FAQs for Sandusky Trial Opening
Another high profile case involving alleged child sexual abuse opens today, June 5, with the beginning of jury selection in the trial of Jerry Sandusky. Below are some questions that we anticipate will surface for many adults in response to media coverage of the Sandusky trial. We hope these Frequently Asked Questions (FAQs) will be helpful for anyone who may be reading or writing about the trial, or reacting to it and the issues it raises for all of us.
- I experienced sexual abuse in childhood. What should I do and where can I get help?
- I know someone whose behavior around children concerns me. How can I find out more and know if I should do anything about it?
- How can I protect my children from sexual abuse?
- How important is mandatory reporting for keeping kids safe?
- What can we do differently to prevent another child from experiencing sexual abuse?
- Why don’t people do more when they think someone has sexually abused a child?
- Why don’t children tell if they’ve been abused?
Adults who have had experiences of sexual abuse as children need and deserve a chance to speak about their experiences with those who understand and can help. Survivors of child sexual abuse can also play a critical role in the prevention of further abuse to other children. If you or someone you love needs support to recover, now is the time to reach out for help.
If you are a survivor of sexual abuse as a child, it is very important to seek professional support and guidance for your recovery. The impact of sexual abuse by another child, teen or adult can change over time and unfold as a young person grows into adulthood. Reaching out for specialized counseling and support can greatly increase your ability to integrate this experience and move forward towards a safe, healthy and productive life.
Even if you received support and resources earlier in life, if you are feeling the need for support at this time, we encourage you to seek the help you need and deserve. Contact the Stop It Now! Helpline for help finding support and resources for yourself or a loved one.
- Read a Story of Hope from a Survivor
- Get Involved in Prevention
- Adult Survivor Guidance from the Online Help Center
2. I know someone whose behavior around children concerns me. How can I find out more and know if I should do anything about it?
All adults, especially parents and professionals who work with children, should be knowledgeable about “warning sign” behaviors that should elicit concern and prompt more questions. Use our free Warning Sign tip sheets as a guide for identifying behaviors and patterns that are concerning so you can speak up and set appropriate boundariesi.
If you have a question or concern about possible child sexual abuse, contact our Help Services. Stop It Now! operates the only telephone and email Helpline dedicated to preventing child sexual abuse. In the first two weeks after the sexual abuse allegations at Penn State last November, our Help Services experienced a 130% increase in contacts.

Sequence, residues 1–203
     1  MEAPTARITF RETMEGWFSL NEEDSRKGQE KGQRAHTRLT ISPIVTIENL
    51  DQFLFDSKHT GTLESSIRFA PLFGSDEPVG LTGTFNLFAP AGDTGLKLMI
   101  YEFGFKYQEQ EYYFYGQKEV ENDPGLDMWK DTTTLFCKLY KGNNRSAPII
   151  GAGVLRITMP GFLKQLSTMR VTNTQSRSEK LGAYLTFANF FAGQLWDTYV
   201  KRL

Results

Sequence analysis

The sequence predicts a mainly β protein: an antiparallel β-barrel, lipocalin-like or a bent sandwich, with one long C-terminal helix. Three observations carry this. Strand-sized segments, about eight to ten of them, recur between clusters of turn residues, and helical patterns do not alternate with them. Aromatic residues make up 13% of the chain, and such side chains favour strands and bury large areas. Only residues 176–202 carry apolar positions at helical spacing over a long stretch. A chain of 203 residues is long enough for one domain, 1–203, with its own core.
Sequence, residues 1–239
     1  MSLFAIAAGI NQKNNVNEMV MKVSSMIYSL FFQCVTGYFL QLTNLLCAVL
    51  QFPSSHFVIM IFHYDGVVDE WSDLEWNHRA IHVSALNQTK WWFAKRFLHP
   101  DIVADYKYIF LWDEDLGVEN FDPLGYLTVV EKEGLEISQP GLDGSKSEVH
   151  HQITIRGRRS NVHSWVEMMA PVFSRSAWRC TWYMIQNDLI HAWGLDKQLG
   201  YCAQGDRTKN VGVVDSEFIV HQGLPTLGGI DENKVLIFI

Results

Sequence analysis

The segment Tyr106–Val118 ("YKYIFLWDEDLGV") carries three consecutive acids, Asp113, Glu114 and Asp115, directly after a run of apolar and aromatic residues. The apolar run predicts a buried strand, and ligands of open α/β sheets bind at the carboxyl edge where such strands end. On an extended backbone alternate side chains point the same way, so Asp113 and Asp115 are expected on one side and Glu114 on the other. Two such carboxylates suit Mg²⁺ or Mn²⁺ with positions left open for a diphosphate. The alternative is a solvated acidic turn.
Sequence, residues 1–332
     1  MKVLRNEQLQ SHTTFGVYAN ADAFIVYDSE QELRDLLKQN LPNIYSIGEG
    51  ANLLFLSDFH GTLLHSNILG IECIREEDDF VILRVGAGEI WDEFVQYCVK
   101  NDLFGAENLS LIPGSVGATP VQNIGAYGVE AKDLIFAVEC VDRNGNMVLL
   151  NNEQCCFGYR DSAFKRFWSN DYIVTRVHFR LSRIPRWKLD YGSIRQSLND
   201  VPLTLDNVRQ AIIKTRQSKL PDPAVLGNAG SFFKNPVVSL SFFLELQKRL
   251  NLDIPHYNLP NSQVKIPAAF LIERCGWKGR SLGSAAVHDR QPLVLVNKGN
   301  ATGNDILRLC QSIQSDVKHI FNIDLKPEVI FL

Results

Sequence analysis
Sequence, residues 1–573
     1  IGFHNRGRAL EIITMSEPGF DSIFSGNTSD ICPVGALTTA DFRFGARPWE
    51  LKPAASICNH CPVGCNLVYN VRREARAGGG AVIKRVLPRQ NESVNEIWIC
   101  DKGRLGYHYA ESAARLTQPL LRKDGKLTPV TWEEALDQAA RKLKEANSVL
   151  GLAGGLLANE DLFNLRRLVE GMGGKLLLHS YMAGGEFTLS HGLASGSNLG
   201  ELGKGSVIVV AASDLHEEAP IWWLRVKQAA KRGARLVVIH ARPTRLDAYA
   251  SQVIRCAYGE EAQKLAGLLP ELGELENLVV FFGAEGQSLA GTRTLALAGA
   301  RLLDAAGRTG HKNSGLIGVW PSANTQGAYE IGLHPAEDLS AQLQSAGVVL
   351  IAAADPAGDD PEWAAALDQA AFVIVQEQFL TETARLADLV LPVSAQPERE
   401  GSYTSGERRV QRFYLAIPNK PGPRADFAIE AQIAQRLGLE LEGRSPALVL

- We hear from callers who are worried about someone’s behavior and don’t know what to do.
- We hear from people who have reported their concerns to authorities but no case is opened or it falls to the wayside because there is a lack of evidence.
- We hear from people who were worried about someone’s behavior but didn’t speak up because they didn’t want to offend anyone or they thought the person was too nice, too married, or too upstanding to also sexually abuse children. And then they found they were wrong.
- We hear from survivors of childhood sexual abuse who don’t understand why no one ever stepped in – even though there were many signs and people knew there was something wrong—no one ever said anything.
- We hear from parents who have reported child sexual abuse and feel stuck in the criminal justice system, struggling to find help to keep their children safe, even after there’s been a disclosure.
- We hear from people worried about their own sexualized thoughts or fantasies about children who want to get help so they don’t hurt a child.
- Behaviors to Watch For When Adults are With Children
- Signs that an Adult May Be At-Risk to Harm a Child
- Signs that a Child or Teen May Be At-Risk to Harm Another Child&
- Help Services
The most effective prevention happens before a child is harmed. Kids are immediately safer when parents and caregivers take the time to learn about sexual abuse and its warning signs.
Parents and caregivers who make a commitment to speak up as soon as they have a concern, instead of waiting for certain evidence of harm, play an even more crucial role in a child's safety.
Mandatory reporting focuses on abuse that has already happened. Expanding the responsibility of adults to report suspected and known incidents of abuse may have a positive impact by potentially shortening the length of time a child experiences abuse or preventing one abuser from abusing another child.
This is very important, but is it enough? Although it is important to intervene and stop abuse that has happened, it is even more important that adults do everything we can to ensure that no child ever experiences sexual abuse.